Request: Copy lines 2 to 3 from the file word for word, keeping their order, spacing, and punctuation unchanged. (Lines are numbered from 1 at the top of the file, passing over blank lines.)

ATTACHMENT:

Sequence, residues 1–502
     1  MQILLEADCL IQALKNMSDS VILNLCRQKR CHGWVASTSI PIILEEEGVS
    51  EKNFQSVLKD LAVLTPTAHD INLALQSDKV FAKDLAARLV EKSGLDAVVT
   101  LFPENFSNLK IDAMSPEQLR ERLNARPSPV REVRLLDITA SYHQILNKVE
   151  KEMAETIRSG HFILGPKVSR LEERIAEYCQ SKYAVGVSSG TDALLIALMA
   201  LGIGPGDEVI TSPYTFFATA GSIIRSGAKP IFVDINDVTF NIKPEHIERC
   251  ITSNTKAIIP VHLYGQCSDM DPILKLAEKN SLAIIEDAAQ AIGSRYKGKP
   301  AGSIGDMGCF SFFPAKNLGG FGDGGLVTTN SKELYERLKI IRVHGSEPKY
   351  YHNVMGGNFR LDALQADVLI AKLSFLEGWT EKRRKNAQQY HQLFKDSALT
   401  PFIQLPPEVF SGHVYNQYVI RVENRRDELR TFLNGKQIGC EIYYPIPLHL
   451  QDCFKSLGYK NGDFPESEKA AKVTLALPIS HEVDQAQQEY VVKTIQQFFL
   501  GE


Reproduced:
     1  MQILLEADCL IQALKNMSDS VILNLCRQKR CHGWVASTSI PIILEEEGVS
    51  EKNFQSVLKD LAVLTPTAHD INLALQSDKV FAKDLAARLV EKSGLDAVVT